In the News

Fish Talk in the News – Friday, August 24th

Gray Seals

Rebounding gray seal populations have again sparked controversy. (Photo Credit: NOAA/NEFSC)

  • NOAA has asked Congress to keep the New England Regional Office in Gloucester.  A plan by Senator Barbara Mikulski of Maryland would move the office to Silver Springs, MD, near the NMFS national headquarters.  Senate Report 112-78 for the Commerce, Justice, Science, and Related Agencies Appropriations Act of 2012 included a request for NOAA to provide a report on the possibility of relocating the office.  In that report to Congress, NOAA argued that the move would be costly and disruptive to management goals in the short term and would negatively impact communication with the fishing industry in New England.
  • The Boston Globe this week published an editorial in support of John Bullard as he steps into the role of NOAA Northeast Regional Administrator.  The Globe praised the former New Bedford mayor’s conciliatory attitude, sense of moderation, and experience on all sides of the fishing industry.
  • New England commercial fishing is the most dangerous profession in the country, according to an article by WBUR.  Commercial fishing is ranked by the Bureau of Labor Statistics as the deadliest profession in the country, and the Northeast groundfish fishery and Atlantic scallop fishery rank in the top five most hazardous by number of fatalities.  The Coast Guard is not currently authorized to perform seaworthiness inspections on fishing vessels, although the U.S. Coast Guard Reauthorization Act of 2010 requires that it conduct checks every two years to ensure safety equipment is up to date.
  • Just three months after beginning sales, the Scituate-based South Shore Seafood Exchange is rapidly growing in popularity.  The exchange functions as a community supported fishery; customers purchase ten-week shares of fillets from a selection of local fish.  The program allows fishermen to sell their catch locally and improve education about less popular fish species.  The group now has over 100 members, with long-term plans to build a store on the waterfront to sell fresh fish directly to consumers.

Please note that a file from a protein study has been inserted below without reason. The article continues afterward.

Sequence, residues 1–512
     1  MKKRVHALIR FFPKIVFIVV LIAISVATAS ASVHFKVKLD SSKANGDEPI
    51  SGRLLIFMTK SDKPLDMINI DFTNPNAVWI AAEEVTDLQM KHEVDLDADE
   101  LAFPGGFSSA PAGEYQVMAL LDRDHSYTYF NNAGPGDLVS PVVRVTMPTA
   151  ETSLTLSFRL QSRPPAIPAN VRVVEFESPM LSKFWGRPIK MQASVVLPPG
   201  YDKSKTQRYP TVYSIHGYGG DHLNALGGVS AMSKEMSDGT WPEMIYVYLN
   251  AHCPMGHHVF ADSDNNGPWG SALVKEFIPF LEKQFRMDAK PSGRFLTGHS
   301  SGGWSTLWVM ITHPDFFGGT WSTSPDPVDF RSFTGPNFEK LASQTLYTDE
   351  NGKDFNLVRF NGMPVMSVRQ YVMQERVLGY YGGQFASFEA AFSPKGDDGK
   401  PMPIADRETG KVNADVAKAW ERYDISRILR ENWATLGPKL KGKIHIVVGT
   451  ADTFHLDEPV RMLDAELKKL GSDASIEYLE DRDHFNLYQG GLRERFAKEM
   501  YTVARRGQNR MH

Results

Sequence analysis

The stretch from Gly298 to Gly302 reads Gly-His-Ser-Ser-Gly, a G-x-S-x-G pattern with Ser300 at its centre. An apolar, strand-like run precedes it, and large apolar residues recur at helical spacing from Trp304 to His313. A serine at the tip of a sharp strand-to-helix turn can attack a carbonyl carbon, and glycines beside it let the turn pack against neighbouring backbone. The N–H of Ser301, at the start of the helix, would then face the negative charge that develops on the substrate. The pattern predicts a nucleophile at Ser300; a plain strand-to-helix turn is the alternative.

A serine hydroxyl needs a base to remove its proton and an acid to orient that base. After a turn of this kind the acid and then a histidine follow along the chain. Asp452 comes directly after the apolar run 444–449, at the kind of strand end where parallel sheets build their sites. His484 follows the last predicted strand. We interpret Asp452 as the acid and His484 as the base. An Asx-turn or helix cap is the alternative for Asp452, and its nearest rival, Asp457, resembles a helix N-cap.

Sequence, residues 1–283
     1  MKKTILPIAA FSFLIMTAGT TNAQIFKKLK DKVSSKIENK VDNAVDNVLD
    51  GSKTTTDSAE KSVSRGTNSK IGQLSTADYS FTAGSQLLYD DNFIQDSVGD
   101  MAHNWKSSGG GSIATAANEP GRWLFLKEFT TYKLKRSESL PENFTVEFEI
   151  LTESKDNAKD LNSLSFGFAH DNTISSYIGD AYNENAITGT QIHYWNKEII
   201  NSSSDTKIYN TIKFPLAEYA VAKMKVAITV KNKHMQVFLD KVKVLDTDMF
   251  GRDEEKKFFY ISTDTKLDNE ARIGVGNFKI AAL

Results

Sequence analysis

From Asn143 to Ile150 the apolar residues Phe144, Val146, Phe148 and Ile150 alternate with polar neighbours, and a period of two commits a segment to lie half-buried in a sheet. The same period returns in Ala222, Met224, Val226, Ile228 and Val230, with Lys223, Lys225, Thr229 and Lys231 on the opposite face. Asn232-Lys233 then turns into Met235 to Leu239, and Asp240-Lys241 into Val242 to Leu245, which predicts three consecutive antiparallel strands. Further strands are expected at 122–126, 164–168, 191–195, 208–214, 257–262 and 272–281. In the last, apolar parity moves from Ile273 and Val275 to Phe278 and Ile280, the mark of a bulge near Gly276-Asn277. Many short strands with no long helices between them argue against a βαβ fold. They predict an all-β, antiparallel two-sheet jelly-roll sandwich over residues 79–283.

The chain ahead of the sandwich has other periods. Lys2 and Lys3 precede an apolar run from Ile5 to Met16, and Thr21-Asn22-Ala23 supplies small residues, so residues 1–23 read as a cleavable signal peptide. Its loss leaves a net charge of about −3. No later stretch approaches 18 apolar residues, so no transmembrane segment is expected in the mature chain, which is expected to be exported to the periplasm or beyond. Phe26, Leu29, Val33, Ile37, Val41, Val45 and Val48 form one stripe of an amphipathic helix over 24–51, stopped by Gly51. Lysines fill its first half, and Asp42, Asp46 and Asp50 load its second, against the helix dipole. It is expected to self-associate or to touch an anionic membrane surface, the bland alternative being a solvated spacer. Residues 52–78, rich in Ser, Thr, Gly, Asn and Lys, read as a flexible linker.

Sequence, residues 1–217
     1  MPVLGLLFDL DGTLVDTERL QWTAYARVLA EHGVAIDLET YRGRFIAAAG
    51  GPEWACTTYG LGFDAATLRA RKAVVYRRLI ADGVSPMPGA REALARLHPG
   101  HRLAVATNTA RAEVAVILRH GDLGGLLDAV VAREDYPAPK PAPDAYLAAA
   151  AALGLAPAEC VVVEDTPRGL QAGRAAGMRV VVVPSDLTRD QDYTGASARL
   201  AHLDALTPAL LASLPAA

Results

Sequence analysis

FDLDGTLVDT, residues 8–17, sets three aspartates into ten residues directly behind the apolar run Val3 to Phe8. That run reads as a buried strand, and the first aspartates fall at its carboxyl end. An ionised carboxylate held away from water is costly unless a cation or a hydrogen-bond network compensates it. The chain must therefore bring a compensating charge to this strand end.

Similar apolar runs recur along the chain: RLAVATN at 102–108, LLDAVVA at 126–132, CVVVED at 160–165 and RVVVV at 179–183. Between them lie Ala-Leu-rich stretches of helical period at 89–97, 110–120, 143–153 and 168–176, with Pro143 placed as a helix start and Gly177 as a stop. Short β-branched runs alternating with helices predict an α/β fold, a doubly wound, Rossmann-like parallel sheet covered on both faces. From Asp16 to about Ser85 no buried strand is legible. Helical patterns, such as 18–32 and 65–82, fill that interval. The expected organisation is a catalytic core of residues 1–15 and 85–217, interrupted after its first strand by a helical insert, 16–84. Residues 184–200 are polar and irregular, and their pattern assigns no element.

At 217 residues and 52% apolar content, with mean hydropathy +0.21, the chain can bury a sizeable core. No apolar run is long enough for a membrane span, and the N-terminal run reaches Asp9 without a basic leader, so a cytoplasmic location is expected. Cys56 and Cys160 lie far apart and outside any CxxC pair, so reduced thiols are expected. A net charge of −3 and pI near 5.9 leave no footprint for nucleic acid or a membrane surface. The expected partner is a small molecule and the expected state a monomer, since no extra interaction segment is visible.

• Rising seal numbers in New England waters are causing concern among coastal residents.  Gray seals were nearly absent in New England waters in the 1960s, but populations have recovered dramatically since the Marine Mammal Protection Act of 1972.  The seals can be aggressive towards fishermen and swimmers, and as a favored prey species of great whites, they may be contributing to the rise in shark sightings off Cape Cod this summer (check out this video of a great white eating a seal off Chatham on August 22nd).  The seals are also a major concern for commercial and recreational fishermen, who say that the seals routinely strip fish from their lines and nets and may be slowing the recovery of groundfish stocks.  NMFS and the New England Fisheries Management Council currently have not incorporated the increase in seals into estimates of natural groundfish mortality due to a lack of good estimates on population and predation.
  • Rising demand in Asia has created a rush to catch conch in New England.  The fishery brought in $6 million last year, and fishing effort has more than doubled in the past 5 years.  Little is known about the biology of the channeled whelks, though, and there is concern that many caught at the minimum legal size have not yet had the opportunity to spawn.  The state will hold public hearings in the fall to consider increasing the minimum size limit from 2.75 inches to 3.5 inches.
  • Thanks to a renovation project on the Mystic Lakes Dam that created a new fish ladder, river herring have made it to Upper Mystic Lake on their own for the first time since the Civil War.  The Mystic River Watershed Association’s Herring Monitoring Program counted 21,052 herring passing through the fish ladder, leading scientists to estimate the overall population migrating to the lake at 198,932 individuals.
  • Classic Cooks Catering was victorious in this week’s Seafood Throwdown at the Cape Ann Farmers Market.  The event raises awareness of local seafood by asking competitors to create a dish featuring a sustainable species donated by the Cape Ann Fresh Catch program.  This year, ocean perch was the featured fish.

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